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Tuesday, March 31, 2015         

The Little Foodie Premium

For articles before August 3, 2011, see the Free Archives »

My father is an adventurous foodie, but there are a few classic foods he can never pass up on. If you take him to an ice cream parlor, he will always order vanilla. If there is a pork chop that promises to be perfect, he will get it. If there is bread pudding on the dessert menu, he has eyes for nothing else.

A recipe with an ingredient list a mile long and multilayered preparations does not scare me. I can spend a good portion of the day on a cake that makes sweet promises.

It's a recipe that empowers children: Put vegetables in water. Heat up the water. Then you have soup. That soup was immortalized in the story of the traveler who tricked an entire town into feeding him with a supposedly enchanted stone.

It's not the New Year I dread. It's afterward, when I'm struggling with new habits every single day. Last month, I was too busy eating cookies to discuss anything remotely about new beginnings.

If I even have an extra minute, I have a talent for filling it. I say "yes" to too much. In theory I want to have less to do, but I usually end up with one more assignment at the end of a conversation.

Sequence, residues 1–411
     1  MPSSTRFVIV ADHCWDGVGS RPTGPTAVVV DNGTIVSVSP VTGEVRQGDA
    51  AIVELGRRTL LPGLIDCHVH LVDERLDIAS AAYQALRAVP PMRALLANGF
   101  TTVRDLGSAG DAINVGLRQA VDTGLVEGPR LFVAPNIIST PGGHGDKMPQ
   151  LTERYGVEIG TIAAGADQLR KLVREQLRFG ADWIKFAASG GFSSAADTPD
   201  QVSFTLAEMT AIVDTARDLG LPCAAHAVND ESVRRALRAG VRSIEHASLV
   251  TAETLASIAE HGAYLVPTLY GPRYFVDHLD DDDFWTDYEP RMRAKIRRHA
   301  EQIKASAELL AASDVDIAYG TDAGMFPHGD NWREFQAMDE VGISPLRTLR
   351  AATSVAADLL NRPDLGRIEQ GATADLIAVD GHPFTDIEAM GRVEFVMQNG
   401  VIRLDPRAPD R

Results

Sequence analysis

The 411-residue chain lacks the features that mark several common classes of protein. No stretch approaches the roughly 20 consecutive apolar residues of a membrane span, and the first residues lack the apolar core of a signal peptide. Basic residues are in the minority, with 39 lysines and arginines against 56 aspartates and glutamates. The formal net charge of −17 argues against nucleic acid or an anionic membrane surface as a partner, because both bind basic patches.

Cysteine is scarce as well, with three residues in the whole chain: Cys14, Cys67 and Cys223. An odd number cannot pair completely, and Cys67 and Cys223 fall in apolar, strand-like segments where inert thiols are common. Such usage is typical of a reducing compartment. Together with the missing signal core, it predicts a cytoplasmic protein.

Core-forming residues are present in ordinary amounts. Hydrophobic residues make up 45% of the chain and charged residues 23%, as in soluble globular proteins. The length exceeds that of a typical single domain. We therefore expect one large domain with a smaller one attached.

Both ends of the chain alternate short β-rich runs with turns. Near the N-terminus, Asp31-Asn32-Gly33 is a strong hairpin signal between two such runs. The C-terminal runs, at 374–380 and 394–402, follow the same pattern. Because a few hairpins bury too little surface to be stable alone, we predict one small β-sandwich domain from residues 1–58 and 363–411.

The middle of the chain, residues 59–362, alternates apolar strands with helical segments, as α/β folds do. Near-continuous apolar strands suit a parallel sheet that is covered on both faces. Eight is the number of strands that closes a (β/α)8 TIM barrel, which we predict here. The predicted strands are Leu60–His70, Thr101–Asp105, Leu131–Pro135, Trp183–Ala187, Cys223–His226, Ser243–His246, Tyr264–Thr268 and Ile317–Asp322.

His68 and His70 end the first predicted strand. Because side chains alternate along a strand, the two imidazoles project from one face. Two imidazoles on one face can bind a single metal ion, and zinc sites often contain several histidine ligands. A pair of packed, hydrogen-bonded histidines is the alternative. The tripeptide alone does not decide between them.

Sometimes I regret my offer to bake for a friend's birthday. I've had several friends forgo the traditional cake in favor of pie. While I do love a layer cake, I can muster up great pies: pecan, pumpkin, lemon meringue, French silk or any number of creamy, fattening pies.

My daughter knows that in our family, food is an expression of love. The other night I made a stew, and she praised the meal between each spoonful. Her proclamations were almost comical, with long sighs as if she was experiencing new levels of flavor.

As a child, I ate sheets of teriyaki-flavored nori by the dozens. Green flecks lived in my teeth. I'd try to get non-Japanese friends to eat some, but I think they assumed I was crazy to eat stuff that was considered fish food.

If California strawberries that stay in California are as good as residents claim, mangoes in Hawaii definitely rival that legend. The sweet and perfectly tender varieties grown on our island seem to dwarf those that are shipped in, still green and well packaged.

Last December, just before the holidays, we were eagerly awaiting our first batch of lilikoi from the tangled vine all along our chain-link fence.


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